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April 29, 1939

Spinal Anesthesia

JAMA. 1939;112(17):1754-1755. doi:10.1001/jama.1939.02800170100030

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Abstract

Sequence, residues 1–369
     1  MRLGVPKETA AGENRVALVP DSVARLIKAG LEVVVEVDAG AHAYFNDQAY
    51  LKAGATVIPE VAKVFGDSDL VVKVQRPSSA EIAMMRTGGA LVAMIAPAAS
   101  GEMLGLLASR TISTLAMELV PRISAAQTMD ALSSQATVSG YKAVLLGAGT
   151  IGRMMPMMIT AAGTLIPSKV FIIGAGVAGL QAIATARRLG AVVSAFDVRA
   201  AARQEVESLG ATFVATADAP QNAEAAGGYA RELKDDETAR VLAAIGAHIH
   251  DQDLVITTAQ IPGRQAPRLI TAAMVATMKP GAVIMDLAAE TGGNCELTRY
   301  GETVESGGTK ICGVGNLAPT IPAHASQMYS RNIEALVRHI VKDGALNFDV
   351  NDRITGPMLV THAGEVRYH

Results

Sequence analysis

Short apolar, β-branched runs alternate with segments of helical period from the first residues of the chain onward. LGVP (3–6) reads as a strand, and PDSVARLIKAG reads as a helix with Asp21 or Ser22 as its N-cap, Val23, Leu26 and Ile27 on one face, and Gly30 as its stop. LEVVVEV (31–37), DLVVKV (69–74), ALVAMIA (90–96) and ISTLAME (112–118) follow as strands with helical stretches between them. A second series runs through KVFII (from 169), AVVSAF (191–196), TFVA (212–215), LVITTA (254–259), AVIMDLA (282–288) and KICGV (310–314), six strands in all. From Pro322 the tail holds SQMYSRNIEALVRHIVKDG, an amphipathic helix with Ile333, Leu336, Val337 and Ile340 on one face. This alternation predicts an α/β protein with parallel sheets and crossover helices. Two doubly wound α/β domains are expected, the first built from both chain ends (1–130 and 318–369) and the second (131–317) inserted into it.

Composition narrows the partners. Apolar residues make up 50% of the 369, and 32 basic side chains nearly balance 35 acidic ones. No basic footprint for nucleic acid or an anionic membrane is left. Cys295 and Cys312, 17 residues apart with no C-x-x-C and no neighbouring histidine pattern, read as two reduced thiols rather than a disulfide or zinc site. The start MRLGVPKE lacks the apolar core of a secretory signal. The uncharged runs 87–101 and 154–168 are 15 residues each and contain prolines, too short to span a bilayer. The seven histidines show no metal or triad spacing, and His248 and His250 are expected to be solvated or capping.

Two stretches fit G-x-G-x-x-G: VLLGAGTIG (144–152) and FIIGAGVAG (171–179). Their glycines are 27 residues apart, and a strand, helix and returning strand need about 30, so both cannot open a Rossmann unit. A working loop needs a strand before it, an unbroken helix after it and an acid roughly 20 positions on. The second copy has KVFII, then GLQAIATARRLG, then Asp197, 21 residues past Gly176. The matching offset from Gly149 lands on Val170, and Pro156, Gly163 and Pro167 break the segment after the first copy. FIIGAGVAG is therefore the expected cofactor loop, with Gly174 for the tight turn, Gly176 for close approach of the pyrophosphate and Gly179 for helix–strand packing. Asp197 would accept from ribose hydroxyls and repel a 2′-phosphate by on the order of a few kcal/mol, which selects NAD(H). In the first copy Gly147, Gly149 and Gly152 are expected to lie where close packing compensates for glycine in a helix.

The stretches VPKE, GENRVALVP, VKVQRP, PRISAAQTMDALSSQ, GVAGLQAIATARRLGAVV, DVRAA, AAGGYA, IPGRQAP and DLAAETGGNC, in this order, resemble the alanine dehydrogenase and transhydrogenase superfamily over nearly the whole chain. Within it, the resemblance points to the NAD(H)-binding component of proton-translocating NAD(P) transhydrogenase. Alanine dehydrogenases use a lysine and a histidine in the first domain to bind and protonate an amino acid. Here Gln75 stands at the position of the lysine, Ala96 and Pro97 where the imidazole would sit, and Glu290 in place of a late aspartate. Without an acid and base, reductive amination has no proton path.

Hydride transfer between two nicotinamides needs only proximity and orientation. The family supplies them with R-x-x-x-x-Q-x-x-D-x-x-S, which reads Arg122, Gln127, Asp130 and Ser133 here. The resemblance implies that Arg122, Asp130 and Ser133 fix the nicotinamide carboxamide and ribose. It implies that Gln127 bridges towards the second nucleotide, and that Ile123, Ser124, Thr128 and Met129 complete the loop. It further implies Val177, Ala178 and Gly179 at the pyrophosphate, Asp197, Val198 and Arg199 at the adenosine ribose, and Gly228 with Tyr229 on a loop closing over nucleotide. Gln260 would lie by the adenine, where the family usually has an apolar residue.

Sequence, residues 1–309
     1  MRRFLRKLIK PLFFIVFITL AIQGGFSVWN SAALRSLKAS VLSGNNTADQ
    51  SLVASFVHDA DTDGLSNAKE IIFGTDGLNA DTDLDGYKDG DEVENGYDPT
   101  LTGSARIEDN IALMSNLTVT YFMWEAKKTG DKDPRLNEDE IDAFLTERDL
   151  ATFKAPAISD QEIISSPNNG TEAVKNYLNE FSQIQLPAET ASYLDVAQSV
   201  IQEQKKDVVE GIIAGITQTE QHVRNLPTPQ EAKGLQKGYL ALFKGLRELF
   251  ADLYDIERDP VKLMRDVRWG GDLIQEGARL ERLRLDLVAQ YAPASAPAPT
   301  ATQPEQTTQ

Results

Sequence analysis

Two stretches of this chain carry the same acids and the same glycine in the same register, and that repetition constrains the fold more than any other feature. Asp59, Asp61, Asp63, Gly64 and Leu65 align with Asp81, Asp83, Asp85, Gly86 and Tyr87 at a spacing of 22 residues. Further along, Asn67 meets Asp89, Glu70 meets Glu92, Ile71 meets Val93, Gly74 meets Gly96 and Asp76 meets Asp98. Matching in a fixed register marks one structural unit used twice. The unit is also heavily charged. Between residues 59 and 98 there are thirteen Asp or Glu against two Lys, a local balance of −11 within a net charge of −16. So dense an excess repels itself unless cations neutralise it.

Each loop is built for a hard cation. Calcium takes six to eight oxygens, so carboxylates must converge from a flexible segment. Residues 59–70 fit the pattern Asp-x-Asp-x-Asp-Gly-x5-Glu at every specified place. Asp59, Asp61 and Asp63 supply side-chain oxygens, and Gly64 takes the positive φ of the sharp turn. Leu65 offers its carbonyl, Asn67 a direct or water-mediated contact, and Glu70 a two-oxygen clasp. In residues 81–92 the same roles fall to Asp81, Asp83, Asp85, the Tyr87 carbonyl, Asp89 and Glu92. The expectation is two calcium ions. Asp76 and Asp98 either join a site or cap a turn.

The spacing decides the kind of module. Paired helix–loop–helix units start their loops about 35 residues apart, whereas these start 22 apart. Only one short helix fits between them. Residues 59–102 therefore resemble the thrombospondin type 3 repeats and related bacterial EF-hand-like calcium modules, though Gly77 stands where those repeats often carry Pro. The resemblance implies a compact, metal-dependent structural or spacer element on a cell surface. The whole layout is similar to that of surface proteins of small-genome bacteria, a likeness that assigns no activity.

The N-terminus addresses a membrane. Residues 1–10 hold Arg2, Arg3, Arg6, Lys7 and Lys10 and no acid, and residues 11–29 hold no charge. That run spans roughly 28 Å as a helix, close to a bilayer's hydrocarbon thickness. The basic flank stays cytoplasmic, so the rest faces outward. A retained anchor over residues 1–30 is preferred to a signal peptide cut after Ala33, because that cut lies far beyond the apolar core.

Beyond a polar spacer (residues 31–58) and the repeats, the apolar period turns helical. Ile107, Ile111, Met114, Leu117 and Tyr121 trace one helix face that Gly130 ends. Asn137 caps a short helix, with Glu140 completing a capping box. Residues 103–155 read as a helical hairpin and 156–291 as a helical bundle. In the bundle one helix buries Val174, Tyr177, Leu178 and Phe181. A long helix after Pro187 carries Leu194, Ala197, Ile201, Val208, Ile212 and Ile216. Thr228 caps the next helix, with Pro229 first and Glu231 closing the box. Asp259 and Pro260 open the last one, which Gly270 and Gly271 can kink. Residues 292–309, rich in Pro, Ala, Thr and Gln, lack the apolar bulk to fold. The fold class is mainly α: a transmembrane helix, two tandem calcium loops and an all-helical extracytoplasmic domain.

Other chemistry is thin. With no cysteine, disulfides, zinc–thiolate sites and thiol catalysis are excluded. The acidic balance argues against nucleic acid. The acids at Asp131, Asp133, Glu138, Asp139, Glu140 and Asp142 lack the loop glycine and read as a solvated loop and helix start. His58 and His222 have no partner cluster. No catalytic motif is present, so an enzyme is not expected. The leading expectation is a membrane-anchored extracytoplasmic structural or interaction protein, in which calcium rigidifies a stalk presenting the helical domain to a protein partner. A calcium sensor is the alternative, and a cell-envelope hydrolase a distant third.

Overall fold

"The writer, being large, middle aged and bald, can hardly qualify as an 'auburn-haired vamp,' but he feels that the spinal anesthetic patient should preferably be watched by a well trained medical man who is qualified personally to administer any treatment or restorative measures that may be called for." One has the impression on reading Dr. Maxson's book that he is indeed reading the words of a well trained medical man who is qualified and who, moreover, has his feet on the ground in a controversy that has waxed warm during the past ten years. The book is definitely on the side of spinal anesthesia. The protagonist is an anesthetist but the book is not controversial. Dr. Maxson goes out of his way to meet all comers but not for the purpose of blasting them into an admission of their errors. He introduces the reader to them in their own

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